We urge the entire the mayor and council to support this proposal, which we believe is not just a legitimate and constructive action, but a moral imperative to uphold the First Amendment in no uncertain terms.

UPDATE, Nov. 25: DeCamp has been released from jail. Her and her doggie are back at Veinte de Agosto Park.

UPDATE, Nov. 26: More arrests occurred on Friday night at Occupy Tucson. Check out this link.

9 comments on “Police step up enforcement: DeCamp arrested at Occupy Tucson on Thanksgiving

  1. Carolyn Classen
    November 25, 2011

    Thanks for the update Pam about former Mayoral candidate Mary DeCamp.  I heard her being interviewed on a New York radio station yesterday and she said she has received more than 30 citations for camping at Occupy Tucson since 10/15/11.

  2. karyn
    November 25, 2011

    My friend and I went down to Occupy Tucson yesterday and brought fresh fruit and munchies.  OT seemed highly organized and respectful of the park — no litter, no garbage, very quiet. 
    There was a tent that said “writer in residence” but we didn’t explore further to see who it was. Does anyone know?
    Here is a list of what they need — 50 gal garbage bags, bottled water, reusable eating utensils/dishes, megaphone, donations for legal funds, video camera…I forget what else.
    The community is feeding them. I saw on the news last night that someone had brought them a big pan of  turkey and stuffing.
    Kudos to OT and all the Occupy groups for what you’re doing.

    • Uri Jerkov
      November 30, 2011

      “Here is a list of what they need”

      1) A Life
      2) A Job
      3) A Brain
      4) A Shower

  3. alohapuna
    November 25, 2011

    Does anyone get the irony of how the US loudly proclaims support for protestors in Libya, Egypt and other countries, yet is attempting to squelch peaceful protests in our own country that are, in fact, guaranteed by the US Constitution?! I constitutes nother less than plain hypocracy.

  4. alohapuna
    November 25, 2011

    Pardon thos typos in the last sentence. It constitutes nothing less……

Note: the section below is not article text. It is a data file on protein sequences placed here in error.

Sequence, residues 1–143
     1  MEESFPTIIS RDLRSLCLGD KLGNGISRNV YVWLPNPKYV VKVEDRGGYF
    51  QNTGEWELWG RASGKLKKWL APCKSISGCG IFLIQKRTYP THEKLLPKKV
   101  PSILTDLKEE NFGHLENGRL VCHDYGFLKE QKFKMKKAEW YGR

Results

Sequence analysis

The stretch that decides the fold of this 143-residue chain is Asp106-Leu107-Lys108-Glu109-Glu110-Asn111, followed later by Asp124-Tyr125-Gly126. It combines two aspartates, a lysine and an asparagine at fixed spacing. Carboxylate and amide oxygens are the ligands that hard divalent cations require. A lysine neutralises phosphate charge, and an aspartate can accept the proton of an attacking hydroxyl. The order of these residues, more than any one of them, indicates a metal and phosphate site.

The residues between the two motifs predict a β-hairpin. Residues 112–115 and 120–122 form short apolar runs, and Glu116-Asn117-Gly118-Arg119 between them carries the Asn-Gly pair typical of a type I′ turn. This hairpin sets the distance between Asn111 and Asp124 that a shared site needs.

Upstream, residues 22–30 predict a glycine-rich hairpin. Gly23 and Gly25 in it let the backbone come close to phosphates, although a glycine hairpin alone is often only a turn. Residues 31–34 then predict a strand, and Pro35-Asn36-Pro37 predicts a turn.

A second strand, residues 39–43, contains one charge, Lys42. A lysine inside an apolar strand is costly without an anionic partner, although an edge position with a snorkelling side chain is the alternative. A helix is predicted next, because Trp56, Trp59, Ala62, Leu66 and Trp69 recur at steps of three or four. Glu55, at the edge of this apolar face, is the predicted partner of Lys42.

5. alohapuna
    November 25, 2011

    It’s rather odd that The Arizona Daily Star today carried an AP article about volunteers bringing Thanksgiving to Occupy sites through the country but didn’t bother to cover Occupy Tucson right here in our own city.

    • pamela
      November 25, 2011

      I saw that. It’s not odd. It’s business as usual when you fire most of your writers.

  6. alohapuna
    November 25, 2011

    I bet Jimmy Boegle in the Tucson Weekly will have fun with that.

  7. Carolyn Classen
    November 25, 2011

    KGUN news on Mary’s arrest & court appearance this morning:
    http://www.kgun9.com/news/local/134495558.html

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About

The Tucson Progressive: Pamela Powers Hannley

I stand on the side of Love. I believe in kindness to all creatures on Earth and the inherent self-worth of all individuals--not just people who agree with me or look like me.

Widespread economic and social injustice prompted me to become a candidate for the Arizona House, representing Legislative District 9 in the 2016 election. My platform focuses on economic reforms to grow Arizona's economy, establish a state-based public bank, fix our infrastructure, fully fund public education, growlocal small businesses and community banks, and put people back to work at good-paying jobs. I also stand for equal rights, choice, and paycheck fairness for women. I am running as a progressive and running clean.

My day job is managing editor for the American Journal of Medicine, an academic medicine journal with a worldwide circulation. In addition, my husband and I co-direct Arizonans for a New Economy, Arizona's public banking initiative. I am a member of the national board of the Public Banking Institute, and I am co-chair of the Arizona Democratic Progressive Caucus, the largest caucus of the Arizona Democratic Party.

I am a published author, photographer, videographer, clay artist, mother, nana, and wife. I have a bachelor's degree in journalism from Ohio State University and a masters in public health from the University of Arizona. I grew up in Amherst, Ohio, but I have lived in Tucson, Arizona since 1981. I am a proud member of the Unitarian Universalist Church of Tucson and the Public Relations Society of America.

My Tucson Progressive blog and Facebook page feature large doses of liberal ideas, local, state, and national politics, and random bits of humor. I also blog at Blog for Arizona and the Huffington Post.